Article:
Wednesday, February 28, 2007

Global Warming Needs Global Attention, Climate Suggests

Meeting my Hero

Growing up as a child, the friendly old man who talked about bugs and trees on the TV series “The Nature of Things” and countless other documentaries seemed like a hero of gigantic proportions. That’s why it was so surprising to see Canadian Environmentalist Dr.David Suzuki enter Norfolk United Church in Guelph on February 14, 2006 as an average-sized man. It was his sixteenth stop across the country amidst his month-long “If YOU were Prime Minister…” tour.

“There’s the man!” was how Bill Barrett of Planet Bean, a local vendor dealing in fairly traded, roasted coffee introduced him then made reference to the fact that here was David Suzuki speaking to about five hundred of us on Valentine’s Day, rather than seducing his wife over chocolates and expensive wine. “Welcome to the largest single club,” he joked.

While Suzuki’s tour focused mostly on the issue of global warming, Barrett did a good job of highlighting the historical relevance of environmental concern in Guelph specifically by going back in time one hundred years ago, when the city I now live in was facing a water crisis. The local hospitals were filled with typhus patients, also known as “jail fever” because the disease is often encountered in areas of poor hygiene. Reasonably enough, when better water sanitation was introduced, the problem was solved.

Right now we are on the brink of another water crisis worldwide, stemming from the climate change crisis, which Suzuki never imagined would progress this fast. While the equator may see small temperature increases of a degree or two, that translates to about twelve times that increase at the South and North poles. It has also been evident by the rapid disappearance of glacier-capped mountain peaks like Kilimanjaro in Tanzania, Africa which feeds into rivers that supply 40% of the world with their drinking water! If this water source disappears by 2015 as scientists predict, we will be facing a major water crisis for a huge portion of the world’s population.

So he wanted to emphasize that action makes a difference. We’ve got a long way to go in order to make ourselves heard and make environmental protection a part of the democratic process. Suzuki was about to make some very good suggestions about how we do that.

Even on a Local Level, Environment Matters

Guelph has many organizations and businesses devoted to the environment; everything from the rain barrel collection program, Speed River clean-up, to the community garden and the low energy light bulb project. We have the Fair Trade Coffee Coop, the Youth Employment Action Program and a whole slew of other acronyms.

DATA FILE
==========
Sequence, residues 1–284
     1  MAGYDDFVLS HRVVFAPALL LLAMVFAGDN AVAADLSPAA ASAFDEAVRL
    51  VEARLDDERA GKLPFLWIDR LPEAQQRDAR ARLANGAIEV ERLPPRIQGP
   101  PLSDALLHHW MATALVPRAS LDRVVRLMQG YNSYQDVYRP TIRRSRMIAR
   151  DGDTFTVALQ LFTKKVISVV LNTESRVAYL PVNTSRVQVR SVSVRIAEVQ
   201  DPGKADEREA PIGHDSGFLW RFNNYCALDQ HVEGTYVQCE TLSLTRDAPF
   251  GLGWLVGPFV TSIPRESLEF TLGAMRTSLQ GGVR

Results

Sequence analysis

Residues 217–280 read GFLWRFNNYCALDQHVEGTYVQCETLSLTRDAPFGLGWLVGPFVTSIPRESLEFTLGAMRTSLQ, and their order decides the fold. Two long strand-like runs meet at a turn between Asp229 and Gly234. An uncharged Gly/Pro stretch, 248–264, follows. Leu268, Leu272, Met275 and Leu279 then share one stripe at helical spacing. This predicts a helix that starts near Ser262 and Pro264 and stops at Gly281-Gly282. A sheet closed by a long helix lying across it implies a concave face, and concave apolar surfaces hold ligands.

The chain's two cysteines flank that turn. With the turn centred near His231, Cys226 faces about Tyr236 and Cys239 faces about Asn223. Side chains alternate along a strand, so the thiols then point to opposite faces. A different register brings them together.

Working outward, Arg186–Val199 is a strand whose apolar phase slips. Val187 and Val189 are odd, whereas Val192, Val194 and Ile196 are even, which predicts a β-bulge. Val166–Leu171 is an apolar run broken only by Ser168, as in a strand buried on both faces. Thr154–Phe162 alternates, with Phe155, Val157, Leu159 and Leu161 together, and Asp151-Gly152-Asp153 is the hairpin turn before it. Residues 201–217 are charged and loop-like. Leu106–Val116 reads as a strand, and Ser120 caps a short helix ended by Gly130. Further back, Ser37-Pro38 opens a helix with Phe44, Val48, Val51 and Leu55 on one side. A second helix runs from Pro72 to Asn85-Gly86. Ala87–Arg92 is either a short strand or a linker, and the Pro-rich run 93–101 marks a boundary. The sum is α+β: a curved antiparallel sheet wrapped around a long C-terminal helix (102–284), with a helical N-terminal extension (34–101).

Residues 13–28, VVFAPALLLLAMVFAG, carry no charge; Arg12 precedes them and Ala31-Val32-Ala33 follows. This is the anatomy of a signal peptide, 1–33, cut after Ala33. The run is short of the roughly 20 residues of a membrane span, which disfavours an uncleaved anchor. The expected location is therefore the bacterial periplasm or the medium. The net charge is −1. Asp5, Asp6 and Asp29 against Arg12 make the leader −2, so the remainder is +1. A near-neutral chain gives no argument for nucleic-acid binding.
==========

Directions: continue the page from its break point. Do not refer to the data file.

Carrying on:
Barrett painted the picture of perfect community cooperation, yet when he asked: “What’s missing?” and then: “Where’s our local MP?” Mayor Karen Farbridge was not available to respond.

Many people got involved however, including alumni of Guelph’s Economics program, who asked questions following the lecture and suggested other Economists have to start regarding our natural resources as part of the equation. Also, local media group, Ed Video was taking five minute film snippets of what people would do were they to be elected Prime Minister.

Garbage Dumps Itself back on Us

Let’s face the facts: there is a direct link between what we do to the environment and the overall health, sanity and productivity of our society. Today we have a tougher battle to fight as rates of asthma, obesity and cancer increase with the amount of hormones and pesticides in our rivers and the amount of greenhouse gases in the sky. Warmer weather has meant an increase in pests like the red beetle and the mosquito, which spread infections, plaguing our societies with disease. To sum our current state, I could quote singer/songwriter Jeff Buckley: “The sky is a landfill.” And who do we have but ourselves to blame?

To be clear, the ensuing speech that Suzuki gave did not inspire a guilt-fest of doom and gloom but rather an attentive and inspired audience. He talked about the gains made in solving the hole in the ozone layer crisis by banning CFC’s and certain pesticides but he also bluntly stated what thousands of scientists worldwide recently met to conclude, that “all indications are pointing to the fact we are [still] undermining life support systems of the planet.”